Regular Church Attendance
My family would go on to attend Auburn on Sunday mornings once we had been invited and where all three of the families mentioned were a part. I went through Sunday school for each grade all the way up into high school. My younger brother and me were babysat for years until we were old enough that we didn’t need a babysitter anymore.
I have this memory of playing with toys with my friend Craig sometime when he used to still live on my street, and having him not believe I truly was saved and peer pressuring me into praying a prayer after him, because “it’s really cool to be a Christian”. But neither of these two prayer times strike me as being the time I really committed to following Christ. I may possibly have made Jesus my Saviour and planted a seed in those days, but I certainly didn’t make him my Lord of ALL yet.
So for years, I went to church every Sunday, and was a relatively well-behaved boy. I even owned a Bible, but never read it.
I would simply bring it to Sunday school and turn to passages that the Sunday school teachers would have us turn to and read.
For seventh grade, Mr Dombroski was my Sunday school teacher, along with the eighth grade boys at church, and I even remember Mike Fisher was in that class, and is now making an impact for Christ in the NHL and hockey world.
In the 8th grade Diane was my Sunday school teacher. But I can tell you my heart was far from this stuff, and I’d memorize Scriptures for prizes at various events. In hindsight I’m all for teaching kids the Gospel even if they don’t follow it, since I see the seeds that were sown in my life, even if they didn’t come to fruition for over a decade.
Always Pushing Peoples’ Buttons
This doesn’t flatter me to reveal it, but I have memories of various church related settings where my parents were asked that they don’t bring me or allow me to go, because I was a trouble maker. In the 6th grade, myself and these other two guys were always getting in trouble at school, even to the point of being suspended on at least one occasion.
On that same day I got grounded (a common occurrence in my childhood it seems) for getting suspended at school, my mother told me our family was not invited to a Christmas party a family we knew was holding, because the family was afraid I’d get into a fight with someone like I did the year before. I don’t recall being in many fights as a child, but I was mouthy and would usually get punched out or get someone angry with me for whatever specific reasons.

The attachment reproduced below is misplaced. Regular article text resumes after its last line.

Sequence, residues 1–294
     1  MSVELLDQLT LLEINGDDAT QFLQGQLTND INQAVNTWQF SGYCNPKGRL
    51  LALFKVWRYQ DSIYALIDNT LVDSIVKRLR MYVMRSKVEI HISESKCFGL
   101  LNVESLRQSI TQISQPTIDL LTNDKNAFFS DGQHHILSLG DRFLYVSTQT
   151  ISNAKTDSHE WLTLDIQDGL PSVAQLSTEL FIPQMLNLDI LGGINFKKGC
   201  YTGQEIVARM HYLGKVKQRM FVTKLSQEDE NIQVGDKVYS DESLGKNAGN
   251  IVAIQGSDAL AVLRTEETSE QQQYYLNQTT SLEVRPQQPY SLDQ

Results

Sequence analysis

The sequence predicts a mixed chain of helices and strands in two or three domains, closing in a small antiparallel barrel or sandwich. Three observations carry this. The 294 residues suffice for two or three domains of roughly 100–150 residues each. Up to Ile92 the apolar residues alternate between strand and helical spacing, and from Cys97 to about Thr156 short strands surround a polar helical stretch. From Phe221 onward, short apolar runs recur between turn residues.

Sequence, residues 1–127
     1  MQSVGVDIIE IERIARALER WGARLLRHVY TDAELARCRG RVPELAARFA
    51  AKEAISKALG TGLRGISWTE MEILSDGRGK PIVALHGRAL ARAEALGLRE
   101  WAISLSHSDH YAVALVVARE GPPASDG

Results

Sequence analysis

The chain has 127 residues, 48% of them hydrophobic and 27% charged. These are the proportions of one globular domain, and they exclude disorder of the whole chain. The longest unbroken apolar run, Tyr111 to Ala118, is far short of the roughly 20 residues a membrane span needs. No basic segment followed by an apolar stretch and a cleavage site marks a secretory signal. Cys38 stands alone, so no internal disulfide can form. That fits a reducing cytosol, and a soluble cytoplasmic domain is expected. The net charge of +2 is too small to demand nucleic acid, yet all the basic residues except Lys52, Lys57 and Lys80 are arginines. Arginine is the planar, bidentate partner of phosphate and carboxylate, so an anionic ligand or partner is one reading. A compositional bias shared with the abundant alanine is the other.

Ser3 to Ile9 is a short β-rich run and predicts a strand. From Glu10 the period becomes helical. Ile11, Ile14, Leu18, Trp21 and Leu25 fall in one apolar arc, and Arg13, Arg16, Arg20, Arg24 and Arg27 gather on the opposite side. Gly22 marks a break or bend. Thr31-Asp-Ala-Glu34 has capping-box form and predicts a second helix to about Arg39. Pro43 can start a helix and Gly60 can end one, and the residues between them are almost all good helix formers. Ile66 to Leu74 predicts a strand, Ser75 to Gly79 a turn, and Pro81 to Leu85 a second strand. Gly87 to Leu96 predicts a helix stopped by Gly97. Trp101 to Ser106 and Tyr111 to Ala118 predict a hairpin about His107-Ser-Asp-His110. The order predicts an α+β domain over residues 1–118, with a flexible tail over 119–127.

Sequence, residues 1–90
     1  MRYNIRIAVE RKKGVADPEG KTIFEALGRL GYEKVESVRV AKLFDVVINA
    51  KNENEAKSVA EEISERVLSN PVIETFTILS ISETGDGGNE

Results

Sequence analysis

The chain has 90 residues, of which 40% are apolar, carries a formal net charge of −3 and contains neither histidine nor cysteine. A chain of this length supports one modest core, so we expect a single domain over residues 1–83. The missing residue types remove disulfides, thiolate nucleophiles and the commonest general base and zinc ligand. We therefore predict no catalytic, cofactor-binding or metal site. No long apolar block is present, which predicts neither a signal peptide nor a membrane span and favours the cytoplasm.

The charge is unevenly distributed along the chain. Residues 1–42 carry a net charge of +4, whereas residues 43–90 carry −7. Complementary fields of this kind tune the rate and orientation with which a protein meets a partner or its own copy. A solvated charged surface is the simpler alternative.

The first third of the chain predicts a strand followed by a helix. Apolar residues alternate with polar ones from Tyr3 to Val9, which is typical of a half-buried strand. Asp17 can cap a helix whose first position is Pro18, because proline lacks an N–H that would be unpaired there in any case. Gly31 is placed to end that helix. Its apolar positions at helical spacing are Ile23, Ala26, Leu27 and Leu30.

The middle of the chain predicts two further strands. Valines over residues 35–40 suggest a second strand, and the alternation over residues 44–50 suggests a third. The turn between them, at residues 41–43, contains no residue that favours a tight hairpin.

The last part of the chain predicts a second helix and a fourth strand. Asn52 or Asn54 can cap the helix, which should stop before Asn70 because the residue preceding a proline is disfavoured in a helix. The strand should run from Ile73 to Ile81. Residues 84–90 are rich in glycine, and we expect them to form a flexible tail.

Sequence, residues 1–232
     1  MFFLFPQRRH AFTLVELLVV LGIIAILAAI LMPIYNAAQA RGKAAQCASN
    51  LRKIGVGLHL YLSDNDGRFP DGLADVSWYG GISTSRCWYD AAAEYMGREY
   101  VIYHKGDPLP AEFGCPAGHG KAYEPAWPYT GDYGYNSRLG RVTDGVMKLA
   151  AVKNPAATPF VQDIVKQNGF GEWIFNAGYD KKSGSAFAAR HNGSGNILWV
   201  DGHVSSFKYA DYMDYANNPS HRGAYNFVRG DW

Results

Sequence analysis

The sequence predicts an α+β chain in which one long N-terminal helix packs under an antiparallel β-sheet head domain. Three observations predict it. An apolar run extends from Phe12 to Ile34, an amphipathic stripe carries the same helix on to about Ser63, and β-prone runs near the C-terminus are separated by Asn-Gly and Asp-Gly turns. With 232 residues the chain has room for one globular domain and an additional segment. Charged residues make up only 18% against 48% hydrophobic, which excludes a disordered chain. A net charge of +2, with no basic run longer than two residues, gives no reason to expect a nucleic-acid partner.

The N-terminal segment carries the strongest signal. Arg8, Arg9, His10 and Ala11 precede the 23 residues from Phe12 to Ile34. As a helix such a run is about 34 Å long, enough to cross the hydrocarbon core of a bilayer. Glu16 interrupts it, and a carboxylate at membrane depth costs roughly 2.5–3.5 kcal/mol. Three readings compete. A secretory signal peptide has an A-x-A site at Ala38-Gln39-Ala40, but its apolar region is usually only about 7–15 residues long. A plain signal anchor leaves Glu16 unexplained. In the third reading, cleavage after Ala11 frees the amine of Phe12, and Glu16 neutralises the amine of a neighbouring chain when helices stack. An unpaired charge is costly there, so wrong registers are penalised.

I do remember getting a few bloody noses, but never swinging any punches.
On a side note, I also remember this older kid in the neighbourhood, Gary, who would wait for my bus to arrive from school so he could bully me around and push me and beat me up most days. I tolerated this for 6 months and then one day punched his head in and he left me alone. I know that’s not Christlike, but I’m merely saying that’s my only real memory of anything remotely like a fight!
And sometimes you gotta stick up for yourself and fight back or your enemy will keep pushing you around if you let ’em. But that’s another sermon.
I don’t know psychologically what it was and don’t think I had major self-esteem issues, but it seemed to me that I liked pushing peoples’ buttons. I kinda still do actually, but SHHH don’t tell nobody. I don’t do it with a motivation for causing problems.
As a teacher, I feel like I see peoples’ blind spots and try challenging their assumptions and make them see other perspectives if I possibly can.
But anyway, this is going to be important for later in the story, but I at that time in my life, I felt like if I could get any of the Christian adults in my life to lose their temper, that I now had “permission” to disregard the Gospel because I somehow intrinsically knew Christians are supposed to be like Jesus—and He was a gentle figure in my eyes (and still IS!).
Part of my getting on peoples’ nerves had to do with seeing if I could tick them off enough that they would act un-Christlike, therefore being able to point at their hypocrisy as an excuse not to follow their message for myself. But deep down I always knew the Gospel message to be true, even if I wasn’t seeing it demonstrated in very many peoples’ lives I know. That, and most of the Christians I knew were the most boring bunch of losers I had ever met. Not ALL but definitely most. Sure, they may have had some sparkle in their eyes, at least the ones who didn’t carry themselves like stuck up people who’d always been baptized in pickle juice., but I couldn’t fathom not watching TV or listening to the worldly bands that I did and knew they disapproved of.
A lot of the Christianity I saw, I now know was “legalistic”—like following a bunch of rules and not loving life—not sin, but loving life.
And that was really all there was to that part of the story until high school…
More to come in the next entry (to be posted in two days).